The Santa Rosa Plateau Ecological Reserve showcases innovative preservation partnerships between Metropolitan, The Nature Conservancy and other conservation organizations, Riverside County Regional Park and Open-Space District, U.S. Fish and Wildlife Service and the California Department of Fish and Wildlife and CDFW. The preserved lands include 3,100 acres originally purchased by The Nature Conservancy and 3,700 acres of additional land purchased with Metropolitan’s assistance as partial mitigation for construction of Diamond Valley Lake.
The reserve has an extensive network of multi-use trails, a comprehensive interpretative program and a visitor center. More information can be found here.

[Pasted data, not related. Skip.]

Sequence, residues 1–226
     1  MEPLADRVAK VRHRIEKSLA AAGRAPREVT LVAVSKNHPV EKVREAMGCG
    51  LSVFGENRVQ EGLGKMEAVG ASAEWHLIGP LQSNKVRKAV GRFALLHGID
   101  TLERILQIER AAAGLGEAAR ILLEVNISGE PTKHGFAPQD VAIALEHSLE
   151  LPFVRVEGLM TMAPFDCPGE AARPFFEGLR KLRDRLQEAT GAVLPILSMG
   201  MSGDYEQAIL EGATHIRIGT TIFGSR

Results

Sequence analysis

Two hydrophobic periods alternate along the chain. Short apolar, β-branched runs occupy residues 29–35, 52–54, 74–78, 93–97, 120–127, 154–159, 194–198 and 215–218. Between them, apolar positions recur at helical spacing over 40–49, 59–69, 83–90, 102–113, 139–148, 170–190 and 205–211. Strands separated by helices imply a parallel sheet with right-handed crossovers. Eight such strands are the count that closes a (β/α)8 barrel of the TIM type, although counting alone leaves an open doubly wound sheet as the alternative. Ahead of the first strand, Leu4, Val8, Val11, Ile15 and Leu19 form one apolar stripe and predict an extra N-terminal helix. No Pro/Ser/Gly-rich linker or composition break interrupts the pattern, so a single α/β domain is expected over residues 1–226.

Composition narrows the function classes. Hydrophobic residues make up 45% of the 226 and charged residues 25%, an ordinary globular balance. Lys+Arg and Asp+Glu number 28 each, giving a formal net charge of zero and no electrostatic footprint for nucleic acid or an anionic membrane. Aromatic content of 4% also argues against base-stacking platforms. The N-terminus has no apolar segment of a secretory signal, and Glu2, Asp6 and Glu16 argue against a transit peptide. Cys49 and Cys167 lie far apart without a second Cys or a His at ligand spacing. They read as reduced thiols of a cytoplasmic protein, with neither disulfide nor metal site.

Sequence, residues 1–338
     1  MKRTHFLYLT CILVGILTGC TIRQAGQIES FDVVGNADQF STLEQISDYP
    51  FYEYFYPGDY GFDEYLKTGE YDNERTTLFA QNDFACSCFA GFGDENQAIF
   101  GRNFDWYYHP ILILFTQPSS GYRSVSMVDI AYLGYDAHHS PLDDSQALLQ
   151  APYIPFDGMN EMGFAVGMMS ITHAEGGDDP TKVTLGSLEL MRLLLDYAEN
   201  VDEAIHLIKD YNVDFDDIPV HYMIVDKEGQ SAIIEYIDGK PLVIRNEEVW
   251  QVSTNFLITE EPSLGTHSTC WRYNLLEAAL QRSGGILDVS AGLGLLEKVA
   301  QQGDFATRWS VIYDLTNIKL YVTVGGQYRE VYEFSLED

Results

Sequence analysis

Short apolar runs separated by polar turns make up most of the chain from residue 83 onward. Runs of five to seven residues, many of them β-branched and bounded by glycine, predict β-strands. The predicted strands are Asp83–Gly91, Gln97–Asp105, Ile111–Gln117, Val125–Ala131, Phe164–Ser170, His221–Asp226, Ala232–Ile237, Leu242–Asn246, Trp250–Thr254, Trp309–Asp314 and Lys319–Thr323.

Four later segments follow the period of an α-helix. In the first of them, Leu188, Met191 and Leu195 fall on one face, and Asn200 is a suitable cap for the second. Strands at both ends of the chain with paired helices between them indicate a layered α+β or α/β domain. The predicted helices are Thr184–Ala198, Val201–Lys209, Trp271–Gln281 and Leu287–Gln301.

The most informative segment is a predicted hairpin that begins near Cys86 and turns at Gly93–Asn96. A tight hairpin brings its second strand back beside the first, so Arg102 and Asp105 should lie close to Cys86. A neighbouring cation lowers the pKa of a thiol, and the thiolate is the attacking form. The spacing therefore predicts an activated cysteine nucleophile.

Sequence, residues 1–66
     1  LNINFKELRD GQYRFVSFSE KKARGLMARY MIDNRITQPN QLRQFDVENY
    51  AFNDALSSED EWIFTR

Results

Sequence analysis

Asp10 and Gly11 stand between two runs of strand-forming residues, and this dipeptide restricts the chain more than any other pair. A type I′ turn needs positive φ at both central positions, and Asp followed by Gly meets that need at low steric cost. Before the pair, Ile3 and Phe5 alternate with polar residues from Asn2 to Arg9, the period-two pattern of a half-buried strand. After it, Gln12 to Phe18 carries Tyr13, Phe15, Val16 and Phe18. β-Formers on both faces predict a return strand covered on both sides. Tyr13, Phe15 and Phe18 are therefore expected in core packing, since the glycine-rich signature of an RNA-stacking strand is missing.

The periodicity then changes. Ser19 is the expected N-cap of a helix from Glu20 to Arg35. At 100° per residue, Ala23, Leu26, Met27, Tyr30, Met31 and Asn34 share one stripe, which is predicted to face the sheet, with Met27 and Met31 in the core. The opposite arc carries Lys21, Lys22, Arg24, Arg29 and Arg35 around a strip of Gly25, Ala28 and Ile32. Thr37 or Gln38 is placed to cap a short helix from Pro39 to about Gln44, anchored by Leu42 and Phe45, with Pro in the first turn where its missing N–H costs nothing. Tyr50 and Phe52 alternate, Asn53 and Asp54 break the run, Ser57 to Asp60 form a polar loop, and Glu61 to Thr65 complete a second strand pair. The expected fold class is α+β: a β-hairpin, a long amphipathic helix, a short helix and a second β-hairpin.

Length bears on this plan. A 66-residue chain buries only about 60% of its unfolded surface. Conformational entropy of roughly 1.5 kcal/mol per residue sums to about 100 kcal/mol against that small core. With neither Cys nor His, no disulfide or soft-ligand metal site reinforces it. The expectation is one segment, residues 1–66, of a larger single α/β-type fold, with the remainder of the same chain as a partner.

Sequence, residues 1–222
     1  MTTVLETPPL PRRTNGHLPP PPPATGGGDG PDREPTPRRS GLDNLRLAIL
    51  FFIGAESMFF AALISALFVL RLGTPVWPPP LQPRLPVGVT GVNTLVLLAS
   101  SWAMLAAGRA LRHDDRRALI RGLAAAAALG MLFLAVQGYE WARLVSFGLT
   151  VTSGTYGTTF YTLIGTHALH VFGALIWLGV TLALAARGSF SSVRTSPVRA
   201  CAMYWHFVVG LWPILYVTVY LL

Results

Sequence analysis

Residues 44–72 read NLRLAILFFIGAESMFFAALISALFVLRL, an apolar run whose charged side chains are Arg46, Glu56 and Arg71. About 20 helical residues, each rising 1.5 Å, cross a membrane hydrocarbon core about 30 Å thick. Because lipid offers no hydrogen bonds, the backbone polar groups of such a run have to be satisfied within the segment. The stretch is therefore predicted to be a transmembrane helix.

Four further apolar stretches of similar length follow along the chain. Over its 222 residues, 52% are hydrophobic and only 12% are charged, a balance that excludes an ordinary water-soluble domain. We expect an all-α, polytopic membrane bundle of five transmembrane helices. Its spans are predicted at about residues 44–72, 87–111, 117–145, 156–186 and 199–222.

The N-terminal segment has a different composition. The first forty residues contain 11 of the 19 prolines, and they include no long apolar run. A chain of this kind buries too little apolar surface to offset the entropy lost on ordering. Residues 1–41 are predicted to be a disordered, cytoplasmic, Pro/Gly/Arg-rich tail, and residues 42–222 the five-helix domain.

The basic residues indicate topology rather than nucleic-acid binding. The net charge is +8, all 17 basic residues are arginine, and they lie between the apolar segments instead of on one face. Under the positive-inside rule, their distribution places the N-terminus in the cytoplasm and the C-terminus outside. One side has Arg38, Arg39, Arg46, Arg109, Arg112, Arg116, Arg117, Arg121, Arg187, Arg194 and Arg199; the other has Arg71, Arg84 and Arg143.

Lake Mathews Multiple Species Reserve
The 5,110-acre Lake Mathews Multiple Species Reserve is managed for native habitat as well as sensitive plant and animal species. Management of the reserve provides critical protections to the watershed surrounding Lake Mathews.
Lake Mathews is an important bird resting and feeding site, especially in winter, when ducks, double-crested cormorants, grebes and eagles are present. The reserve includes non-native grassland and Riversidian sage scrub habitats, which support many sensitive animals such as Stephens' kangaroo rat and the coastal California gnatcatcher. Riparian vegetation types are limited but have a diverse habitat structure important to sensitive birds, including the tricolored blackbird, blue grosbeak, and many species of raptors.
In 2019, Metropolitan's board voted to name the reserve in honor of Lois B. Krieger, who served the first female board chair from 1982 until 1992.